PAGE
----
Chemical Reactions in MyCentralJersey

March 4, 2012 - Hillsborough, NJ

By Paul Grezlla

At a scientific conference many years ago, research chemist Jeannette E. Brown met Dr. Marie Maynard Daly, who in 1947 became the first black woman to receive a doctorate in chemistry in the United States.

“You’re history,” Brown told Daly, who received her degree from Columbia University. “But where are the rest of us?"

Over a 40-year period, Brown learned about “the rest of us,” and transformed her painstaking research into the newly published African American Women Chemists, a historical compendium from Oxford University Press highlighting the accomplishments of women who were trailblazers in this field, many before the Civil Rights era.

“I would give talks at various conferences about some of these women, but I really had to dig to find information,” said Brown, a Hillsborough resident. “There weren’t a lot of places to go to do research, and I really had to piece it together. But I thought it was important to tell these stories and recognize what these women accomplished.”

In any historical timeline of significant accomplishments of black women in the field of chemistry, Brown's own name would appear. In 1956, she obtained a bachelor’s degree in chemistry from Hunter College in New York — she was one of two African-Americans in the first class of Hunter’s then-new chemistry program. In 1958, she graduated with a master’s degree in chemistry from the University of Minnesota — she was the first black woman to obtain a degree in chemistry from the university.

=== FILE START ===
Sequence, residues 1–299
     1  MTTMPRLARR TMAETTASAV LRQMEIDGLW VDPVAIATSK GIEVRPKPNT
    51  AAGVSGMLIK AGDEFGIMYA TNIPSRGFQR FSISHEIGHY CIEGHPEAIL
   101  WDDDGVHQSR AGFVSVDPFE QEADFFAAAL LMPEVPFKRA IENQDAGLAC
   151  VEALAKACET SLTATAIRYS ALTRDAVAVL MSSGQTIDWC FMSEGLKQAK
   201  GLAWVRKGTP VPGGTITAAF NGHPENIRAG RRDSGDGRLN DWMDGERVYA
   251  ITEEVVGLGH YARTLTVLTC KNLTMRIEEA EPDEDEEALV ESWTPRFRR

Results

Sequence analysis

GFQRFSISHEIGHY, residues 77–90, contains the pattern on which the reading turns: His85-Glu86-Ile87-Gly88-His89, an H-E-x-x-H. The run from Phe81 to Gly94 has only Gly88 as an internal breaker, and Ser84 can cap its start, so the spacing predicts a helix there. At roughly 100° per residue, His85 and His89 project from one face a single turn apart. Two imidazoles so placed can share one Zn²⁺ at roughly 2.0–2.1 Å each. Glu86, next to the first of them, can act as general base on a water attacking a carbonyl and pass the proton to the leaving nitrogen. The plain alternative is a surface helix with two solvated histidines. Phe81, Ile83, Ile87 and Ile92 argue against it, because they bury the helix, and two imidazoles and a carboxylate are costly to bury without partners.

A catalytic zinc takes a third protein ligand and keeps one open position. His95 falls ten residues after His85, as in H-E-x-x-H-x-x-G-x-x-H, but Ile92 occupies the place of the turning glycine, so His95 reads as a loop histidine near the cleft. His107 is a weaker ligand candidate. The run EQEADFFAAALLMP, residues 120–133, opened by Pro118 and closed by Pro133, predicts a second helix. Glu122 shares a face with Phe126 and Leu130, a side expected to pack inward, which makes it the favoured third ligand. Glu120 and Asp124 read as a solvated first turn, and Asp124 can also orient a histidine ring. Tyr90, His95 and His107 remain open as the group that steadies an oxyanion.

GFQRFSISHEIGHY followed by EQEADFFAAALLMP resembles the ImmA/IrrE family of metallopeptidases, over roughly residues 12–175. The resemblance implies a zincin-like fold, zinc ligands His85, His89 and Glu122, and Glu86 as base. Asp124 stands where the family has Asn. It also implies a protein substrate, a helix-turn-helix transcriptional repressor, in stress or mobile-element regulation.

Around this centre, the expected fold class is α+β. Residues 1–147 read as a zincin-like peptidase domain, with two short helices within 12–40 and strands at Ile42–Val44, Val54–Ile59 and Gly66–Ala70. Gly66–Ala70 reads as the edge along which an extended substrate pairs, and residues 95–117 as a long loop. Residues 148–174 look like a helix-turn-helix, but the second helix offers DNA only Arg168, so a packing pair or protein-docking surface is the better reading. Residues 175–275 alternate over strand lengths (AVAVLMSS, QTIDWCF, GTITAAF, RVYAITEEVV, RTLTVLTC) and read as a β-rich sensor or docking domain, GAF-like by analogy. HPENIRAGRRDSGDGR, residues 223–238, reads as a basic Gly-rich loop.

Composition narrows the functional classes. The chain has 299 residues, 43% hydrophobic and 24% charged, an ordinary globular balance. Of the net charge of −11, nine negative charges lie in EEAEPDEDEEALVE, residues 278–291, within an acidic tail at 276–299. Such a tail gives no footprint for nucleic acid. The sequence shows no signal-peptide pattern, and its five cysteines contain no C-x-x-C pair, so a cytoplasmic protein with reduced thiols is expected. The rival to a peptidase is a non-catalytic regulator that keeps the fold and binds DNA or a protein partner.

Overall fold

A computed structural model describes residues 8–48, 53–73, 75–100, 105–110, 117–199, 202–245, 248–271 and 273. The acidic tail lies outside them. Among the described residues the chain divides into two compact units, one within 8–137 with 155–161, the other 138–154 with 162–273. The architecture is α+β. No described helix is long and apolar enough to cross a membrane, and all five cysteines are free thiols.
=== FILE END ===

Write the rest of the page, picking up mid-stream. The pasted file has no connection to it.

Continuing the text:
“I didn’t realize I was a pioneer,” the 77-year-old said. “I was just doing something I loved.”...

Her list of awards and honors would fill a page — many of them are from her alma maters and past employers and are around her work to mentor students and create programs to encourage students to attend school and study science. Brown, who never married, said she elected to devote her life to her career and mentoring students.

She is a member of the National Organization for the Professional Advancement of Black Chemists and Chemical Engineers and the Association for Women in Science and the American Association for the Advancement of Science, and was the 2004 Société de Chimie Industrielle (American Section) Fellow of the Chemical Heritage Foundation. She is a member of the first class of American Chemical Society Fellows 2009 — and the first black woman elected for this honor. She also received the Somerset County New Jersey Women's Commission award for volunteerism in 2010, for her work on the HomeSharing board...

Link to MCJ

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